{Team KR Feature} Miranda Crites’ Top Reads From 2021

Miranda Crites’ Top Reads From 2021

Good ol’ 2021. What a year! I had set my Goodreads challenge goal to fifty books. I’m not sure who I thought I was when I came out of 2020, but I must have had a temporary moment of insanity or some kind of confidence boost. As 2021 progressed, I wasn’t even keeping up on Goodreads for the first time since I created my account. Some were books that weren’t added yet because they hadn’t been released, and some were just ones I forgot to add because my heart and mind weren’t fully dedicated to books, reading, reviewing, writing, or really anything. Also, I’ve become spoiled by technology. It’s so easy when you open your Kindle, and your books are automatically added to Goodreads, but when you read a physical book, I guess it’s easy to forget to track progress.

I sat down and tried to add anything I’d missed, and I actually did better than I’d thought! Unless I missed another one along the lines somewhere, I came out of 2021 reading twenty-eight books with two of those being audiobook rereads. I wish I could’ve read every single book on my TBR (that’s a to-be-read list for those who don’t know), but that’s okay. I’m pleased – and a bit surprised – that I found time to read those twenty-eight!! This year, I’m going for thirty-one.

My 2021 Top 13 in no particular order:

Eight Cylinders by Jason Parent

This one read like a Lovecraftian fever-dream with a Mad Max vibe. I had read some of Jason’s previous work (Victoria) and really enjoy his writing. Then, there’s also another little (huge) factor that piqued my curiosity. I mean, what girl isn’t crazy over a Hellcat Charger? And it’s right there on the cover, calling my name! I was pleased with how everything came together in this book. Sometimes you find friendship, or maybe it’s family, in the most unlikely places.

White Pines by Gemma Amor

Wow! What a journey! The protagonist returns to a home from her childhood that she can barely remember. Her inheritance is way more than she could’ve imagined and was definitely more than I had thought would be waiting for her. This one was full of twists and turns, and some of it is pretty dark and creepy like dreams (nightmares) that flow from one into another! This was my first experience reading Gemma Amor, but I’ll definitely be reading more of her work.

August’s Eyes by Glenn Rolfe

I still haven’t stopped thinking about Graveyard Land and the creepy killer in the van and the creepy kids in this book! Glenn is one of my go-to authors, and this one has a different flavor (to me) thrown in. This one is super-dark with a lot of sadness, and it reminds me that no matter how hard or how fast we run, we can’t outrun our past or our demons (but we can fight them).

Read Me: A Novella by Keith Minnion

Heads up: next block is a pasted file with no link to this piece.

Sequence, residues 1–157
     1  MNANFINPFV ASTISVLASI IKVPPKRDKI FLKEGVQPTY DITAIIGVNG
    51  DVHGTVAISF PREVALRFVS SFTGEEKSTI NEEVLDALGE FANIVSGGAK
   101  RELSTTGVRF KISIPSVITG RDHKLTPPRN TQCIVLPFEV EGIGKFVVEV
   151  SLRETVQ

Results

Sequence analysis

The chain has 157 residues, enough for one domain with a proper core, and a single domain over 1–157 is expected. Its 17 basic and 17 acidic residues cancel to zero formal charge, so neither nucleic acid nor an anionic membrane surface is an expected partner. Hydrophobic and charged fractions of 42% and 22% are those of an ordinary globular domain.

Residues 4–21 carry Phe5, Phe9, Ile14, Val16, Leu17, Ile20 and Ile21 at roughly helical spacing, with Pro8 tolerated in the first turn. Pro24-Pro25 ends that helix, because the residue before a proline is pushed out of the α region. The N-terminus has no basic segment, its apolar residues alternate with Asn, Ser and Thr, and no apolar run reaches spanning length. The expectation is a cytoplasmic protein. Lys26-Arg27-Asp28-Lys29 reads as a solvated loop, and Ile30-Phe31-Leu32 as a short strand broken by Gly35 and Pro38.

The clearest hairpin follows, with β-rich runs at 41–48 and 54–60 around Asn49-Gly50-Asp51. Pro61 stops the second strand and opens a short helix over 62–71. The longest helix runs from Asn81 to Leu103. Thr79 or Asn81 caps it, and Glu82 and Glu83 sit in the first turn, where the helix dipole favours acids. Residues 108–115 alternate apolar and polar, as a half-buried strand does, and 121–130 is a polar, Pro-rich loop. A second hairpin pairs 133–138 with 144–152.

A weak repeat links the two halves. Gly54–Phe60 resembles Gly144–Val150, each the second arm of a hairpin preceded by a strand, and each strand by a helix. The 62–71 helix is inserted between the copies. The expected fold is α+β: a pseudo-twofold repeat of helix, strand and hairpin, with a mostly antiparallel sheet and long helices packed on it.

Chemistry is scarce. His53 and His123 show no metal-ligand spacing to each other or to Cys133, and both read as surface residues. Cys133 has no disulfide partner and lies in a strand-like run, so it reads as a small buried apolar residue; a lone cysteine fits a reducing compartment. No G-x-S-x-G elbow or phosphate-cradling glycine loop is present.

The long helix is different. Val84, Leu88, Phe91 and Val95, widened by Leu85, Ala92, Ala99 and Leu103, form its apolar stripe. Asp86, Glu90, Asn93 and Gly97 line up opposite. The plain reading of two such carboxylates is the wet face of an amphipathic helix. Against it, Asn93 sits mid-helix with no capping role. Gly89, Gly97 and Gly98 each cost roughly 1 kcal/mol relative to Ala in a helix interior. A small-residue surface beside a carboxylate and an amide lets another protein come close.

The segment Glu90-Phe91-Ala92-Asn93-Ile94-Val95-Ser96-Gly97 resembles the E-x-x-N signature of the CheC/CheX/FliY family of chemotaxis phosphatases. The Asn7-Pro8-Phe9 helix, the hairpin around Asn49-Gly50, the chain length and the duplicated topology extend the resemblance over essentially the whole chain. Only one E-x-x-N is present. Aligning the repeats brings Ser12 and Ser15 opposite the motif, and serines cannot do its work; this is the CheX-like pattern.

Cy, a college student, is studying painting. A college professor has him doing some paintings of an unlikely subject which is extremely interesting and a little morbid (just the way I like it). This was a really haunting story with an ending that I was not expecting! I first discovered Keith for his fantastic artwork. His writing is just as beautiful!

The Patience of a Dead Man by Michael Clark

This is Mike’s debut novel. Here we find a recently divorced Tim who buys a farmhouse to flip so he can get back onto his feet. To add to his misfortune, the house and land is haunted, and the woman covered in flies appears to be dangerous. I had a lot fun and creepy moments with this book, and I haven’t looked at a goose the same since I read it. Sometimes the oddest things stick with me after reading a book.

Later by Stephen King

I’ve been behind on my Kings lately, but I decided to read this one sooner rather than later. (Of course, if there’s ever any room for a lame joke, I won’t miss the opportunity to insert it.) King is a master of many things, and his coming-of-age stories are some of my favorites. As with so many of King’s works, he’s given his young character, Jamie, a unique gift. It’s a gift that needs to stay hidden in order to protect Jamie but having such a power isn’t always easy to hide. I was pleased to see references to “IT” throughout this one! I love how Stephen King’s worlds are intertwined. Brilliant!

Gwendy’s Magic Feather by Richard Chizmar

Once again we return to Stephen King’s Castle Rock, but this time Richard Chizmar is driving solo. I think it’s amazing, really, how Richard takes the wheel so effortlessly and delivers us a beautiful story in King’s world. Trouble, as well as the button box, returns to Castle Rock so now an adult Gwendy must also return home. I’m looking forward to “Gwendy’s Final Task” and seeing how this entire trilogy plays out.

Ride or Die by James Newman